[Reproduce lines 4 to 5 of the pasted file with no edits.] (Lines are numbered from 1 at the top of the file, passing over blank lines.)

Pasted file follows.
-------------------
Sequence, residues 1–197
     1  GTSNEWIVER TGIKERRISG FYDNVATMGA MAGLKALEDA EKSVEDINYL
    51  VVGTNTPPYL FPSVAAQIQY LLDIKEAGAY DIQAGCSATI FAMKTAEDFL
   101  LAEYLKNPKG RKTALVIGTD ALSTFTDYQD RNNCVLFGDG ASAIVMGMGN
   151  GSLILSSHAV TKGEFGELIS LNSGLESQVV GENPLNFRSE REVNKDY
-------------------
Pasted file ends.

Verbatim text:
   101  LAEYLKNPKG RKTALVIGTD ALSTFTDYQD RNNCVLFGDG ASAIVMGMGN
   151  GSLILSSHAV TKGEFGELIS LNSGLESQVV GENPLNFRSE REVNKDY